Flying tips you wish you knew: flight attendants give us the inside scoop
by Julia Evans on June 30, 2021
Flight attendants give us a backstage pass into the galley of aircrafts
Image credit: Jance Roets
Can you trust plane food? Why do you always have to close the blinds when you’re about to land? What’s up with turbulence?
These are just some of the many unanswered questions passengers have when they’re on a flight.
To get the answers, Wayfare Culture spoke to Jess van Rensburg who was a flight attendant for an international airline for a year and a half and Jance Roets who was part of the cabin crew for an international airline for two years.
Image credit: Jance Roets
The food’s okay… sort of
Image credit: Getty Images
This got mixed reviews. Jess said, "order what you think you might enjoy. It's all very sanitary and kept very well.”
But Jance had a slightly different opinion: “I’ll always go for the veggie option. I'm not vegetarian, but it's just always the safest option. Because let's face it, it is a risky atmosphere - if you're flying for 16 hours the food has been there for quite a while."
But don’t drink the hot water
Image credit: RODNAE Productions via Pexels
What Jess was firm on is staying away from any hot beverages they serve on-flight.
“What I would say though, is something that's really gross is the tea and coffee. The water that's on the aircraft… the pipes are never cleaned. Like we clean the external part, but the aircrafts go from flight to flight and they're never cleaned.
"So the hot water is NASTY. Even as cabin crew, I would take my own bottled water, or use the boiler if there was one or go to business class and use theirs.”
Don’t use the call bell
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When asked about how to get on a cabin crew’s good side, both Jess and Jance said to avoid the call bell.
“It's not actually what you say, it's what you do,” said Jance.
“I know the call bell is awesome but we hate it when someone presses it, like you're immediately in a bad mood, I don’t know what it is. If you want something come to the back galley and ask us, we will give you EVERYTHING we can give you, I promise. We just don’t like running around, who likes running? I mean come on."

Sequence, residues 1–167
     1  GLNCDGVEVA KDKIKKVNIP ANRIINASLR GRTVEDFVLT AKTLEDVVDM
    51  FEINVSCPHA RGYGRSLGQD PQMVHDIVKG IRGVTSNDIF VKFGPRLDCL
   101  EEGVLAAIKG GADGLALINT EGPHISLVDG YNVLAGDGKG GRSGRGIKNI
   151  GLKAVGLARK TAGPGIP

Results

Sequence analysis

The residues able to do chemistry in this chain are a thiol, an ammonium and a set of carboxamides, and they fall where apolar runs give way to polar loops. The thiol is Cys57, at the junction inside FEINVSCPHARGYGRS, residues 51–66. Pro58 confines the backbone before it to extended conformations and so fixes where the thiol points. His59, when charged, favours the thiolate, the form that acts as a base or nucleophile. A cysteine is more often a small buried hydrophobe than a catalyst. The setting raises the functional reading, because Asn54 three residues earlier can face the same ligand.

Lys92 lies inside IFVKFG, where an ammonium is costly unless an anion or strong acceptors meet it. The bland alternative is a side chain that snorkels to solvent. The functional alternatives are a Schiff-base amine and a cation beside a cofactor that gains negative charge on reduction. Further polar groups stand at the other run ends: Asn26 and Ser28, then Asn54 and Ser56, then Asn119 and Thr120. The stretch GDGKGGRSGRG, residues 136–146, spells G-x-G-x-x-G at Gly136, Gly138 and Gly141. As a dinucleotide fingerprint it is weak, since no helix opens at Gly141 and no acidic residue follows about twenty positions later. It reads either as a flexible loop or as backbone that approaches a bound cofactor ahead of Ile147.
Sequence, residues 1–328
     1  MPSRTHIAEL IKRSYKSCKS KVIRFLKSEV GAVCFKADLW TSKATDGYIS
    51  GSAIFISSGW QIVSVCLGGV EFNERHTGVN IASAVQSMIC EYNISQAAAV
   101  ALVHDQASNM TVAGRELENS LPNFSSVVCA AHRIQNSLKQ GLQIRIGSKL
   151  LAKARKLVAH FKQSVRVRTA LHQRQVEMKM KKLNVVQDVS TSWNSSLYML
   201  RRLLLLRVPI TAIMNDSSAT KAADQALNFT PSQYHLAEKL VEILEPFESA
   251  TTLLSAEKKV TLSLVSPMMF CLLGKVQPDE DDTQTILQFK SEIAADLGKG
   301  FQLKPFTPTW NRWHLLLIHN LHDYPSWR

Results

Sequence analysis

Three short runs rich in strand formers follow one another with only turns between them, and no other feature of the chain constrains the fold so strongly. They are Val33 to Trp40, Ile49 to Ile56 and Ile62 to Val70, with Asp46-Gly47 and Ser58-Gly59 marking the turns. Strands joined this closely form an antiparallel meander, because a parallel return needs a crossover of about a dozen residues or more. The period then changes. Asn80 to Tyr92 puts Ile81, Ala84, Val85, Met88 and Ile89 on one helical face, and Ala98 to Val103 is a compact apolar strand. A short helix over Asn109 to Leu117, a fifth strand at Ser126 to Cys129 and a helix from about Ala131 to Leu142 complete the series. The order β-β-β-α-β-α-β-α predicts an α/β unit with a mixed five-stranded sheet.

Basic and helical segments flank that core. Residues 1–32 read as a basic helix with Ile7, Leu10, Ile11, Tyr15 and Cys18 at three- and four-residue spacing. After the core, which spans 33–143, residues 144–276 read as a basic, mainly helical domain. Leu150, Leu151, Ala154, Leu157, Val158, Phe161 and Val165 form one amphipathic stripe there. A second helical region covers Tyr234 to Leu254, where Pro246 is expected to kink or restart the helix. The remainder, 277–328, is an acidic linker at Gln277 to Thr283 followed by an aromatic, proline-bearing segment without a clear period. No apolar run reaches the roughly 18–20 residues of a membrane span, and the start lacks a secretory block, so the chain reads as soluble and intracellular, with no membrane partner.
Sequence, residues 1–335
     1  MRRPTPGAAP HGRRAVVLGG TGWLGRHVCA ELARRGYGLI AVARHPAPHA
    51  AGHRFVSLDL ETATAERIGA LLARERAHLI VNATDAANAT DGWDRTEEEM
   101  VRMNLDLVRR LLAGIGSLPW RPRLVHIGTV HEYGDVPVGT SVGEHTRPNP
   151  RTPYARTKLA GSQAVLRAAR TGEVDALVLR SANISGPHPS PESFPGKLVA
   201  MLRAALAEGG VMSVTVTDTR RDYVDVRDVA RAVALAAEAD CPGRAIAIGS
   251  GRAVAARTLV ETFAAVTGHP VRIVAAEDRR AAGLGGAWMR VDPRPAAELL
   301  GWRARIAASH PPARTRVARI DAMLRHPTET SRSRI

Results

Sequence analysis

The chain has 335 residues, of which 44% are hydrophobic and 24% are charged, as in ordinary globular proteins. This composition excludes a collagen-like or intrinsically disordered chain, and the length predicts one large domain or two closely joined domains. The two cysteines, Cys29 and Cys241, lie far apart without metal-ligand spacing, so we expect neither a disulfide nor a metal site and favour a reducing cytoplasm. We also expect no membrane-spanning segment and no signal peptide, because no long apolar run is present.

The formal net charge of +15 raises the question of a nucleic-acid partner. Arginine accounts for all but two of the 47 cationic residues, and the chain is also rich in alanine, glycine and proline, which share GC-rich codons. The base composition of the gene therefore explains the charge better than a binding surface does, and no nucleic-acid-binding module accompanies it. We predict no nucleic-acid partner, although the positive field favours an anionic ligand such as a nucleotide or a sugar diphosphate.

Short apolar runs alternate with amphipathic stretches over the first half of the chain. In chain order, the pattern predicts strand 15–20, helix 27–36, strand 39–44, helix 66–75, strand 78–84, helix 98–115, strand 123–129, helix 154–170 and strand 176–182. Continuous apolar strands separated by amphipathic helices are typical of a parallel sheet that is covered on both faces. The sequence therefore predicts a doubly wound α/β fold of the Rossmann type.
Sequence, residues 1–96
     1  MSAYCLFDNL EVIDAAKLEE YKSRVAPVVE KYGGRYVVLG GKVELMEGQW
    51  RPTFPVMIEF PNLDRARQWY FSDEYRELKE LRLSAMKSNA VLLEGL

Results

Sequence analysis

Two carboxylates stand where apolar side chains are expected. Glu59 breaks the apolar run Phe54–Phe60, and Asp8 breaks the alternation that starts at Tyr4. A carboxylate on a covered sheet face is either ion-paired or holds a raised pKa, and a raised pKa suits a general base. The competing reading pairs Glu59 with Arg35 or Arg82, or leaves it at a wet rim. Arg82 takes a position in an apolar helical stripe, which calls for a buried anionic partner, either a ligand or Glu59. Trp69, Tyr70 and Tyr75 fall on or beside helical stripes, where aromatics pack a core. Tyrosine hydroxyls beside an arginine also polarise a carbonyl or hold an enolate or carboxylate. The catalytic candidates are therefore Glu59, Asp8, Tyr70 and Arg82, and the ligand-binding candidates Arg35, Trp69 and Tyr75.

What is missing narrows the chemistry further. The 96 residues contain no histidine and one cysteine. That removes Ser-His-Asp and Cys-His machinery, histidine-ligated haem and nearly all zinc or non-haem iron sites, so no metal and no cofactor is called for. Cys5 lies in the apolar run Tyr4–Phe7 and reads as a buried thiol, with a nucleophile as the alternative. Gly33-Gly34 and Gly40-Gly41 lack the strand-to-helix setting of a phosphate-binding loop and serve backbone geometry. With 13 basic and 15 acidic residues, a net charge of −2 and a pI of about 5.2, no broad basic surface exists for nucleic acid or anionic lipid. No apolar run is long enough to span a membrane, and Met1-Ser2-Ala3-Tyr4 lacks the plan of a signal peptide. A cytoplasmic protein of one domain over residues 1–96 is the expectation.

Jess agrees, saying, “I don’t think people realise you can get up and go ask at the back – which is also good for passengers' circulation."
You won’t die from turbulence
Image credit: Canva
"I wish I knew how turbulence worked,” said Jance, laughing.
"People are so scared of it but that's like such a safe spot. You can’t fall to the ground during turbulence, you're part of the wind, and wind never goes down to the ground.
“So you can feel so safe during turbulence. The most unsafe thing that can happen during turbulence is what happens in the aircraft (like if luggage falls), but you'll never go down.”
Don’t ignore the safety procedures – you only have 90 seconds to get out
Image credit: Shamia Casiano via Pexels
“A big thing that's frustrates crew, is having to ask people to put their seat upright or pull their window blind up when they've just heard the announcement to do it,” says Jess.
The reason the cabin crew constantly tells passengers to do these things is actually for their own safety.
“Your window blind goes up so your eyes don't have to adjust to the outside lighting, incase of an emergency landing, and also because you are acting as a safety measure, with your eyes outside the aircraft - if you see something on the wing or if it's on fire, you're going to let someone know.”
Wait, so the reason we have to put it up is to act as extra eyes for the plane???
Jess explained that the reason the crew asks you to put your tray table up, put your bag under the seat in front of you (not between your legs) and put your seat upright is so you (and the person behind you) can escape the aircraft as quickly as possible during an emergency evacuation.
As part of an aircraft’s certification process, an aircraft must to be able to be fully evacuated within 90 seconds.
The best bags to take if you’re a frequent flierInner City crossover bag. Image credit: Wayfare Culture
“Obviously I travel a lot, I travel with my trolley bag if I need to, otherwise I just have a backpack and then I have a small sling bag that I carry in front of me, that has the essentials,” said Jess.
In her sling bag, Jess carries her passport, money, phone and a pen, “all the essentials that are easily accessible and I can keep next to me on my seat. That would be my number one recommendation.”
This crossover bag, pictured above, would be perfect for your essentials when flying.
For her backpack, Jess says:
“Always carry Dettol wipes and sanitiser - whether it's covid or not, it’s something I've always done. Wipe down your seat. They do get cleaned, but not as thoroughly as you would like to think.”
Best place they've ever visitedJess in Djibouti. Image Credit: Jess van Rensberg
Jess has operated 166 flights and visited countless countries, but said one of her all-time favourite places to travel to is Djibouti, a country in East Africa.
"A place I really enjoyed was Djibouti," said Jess, "it's interesting, you can go diving with whale sharks, it's really beautiful and in the middle of nowhere."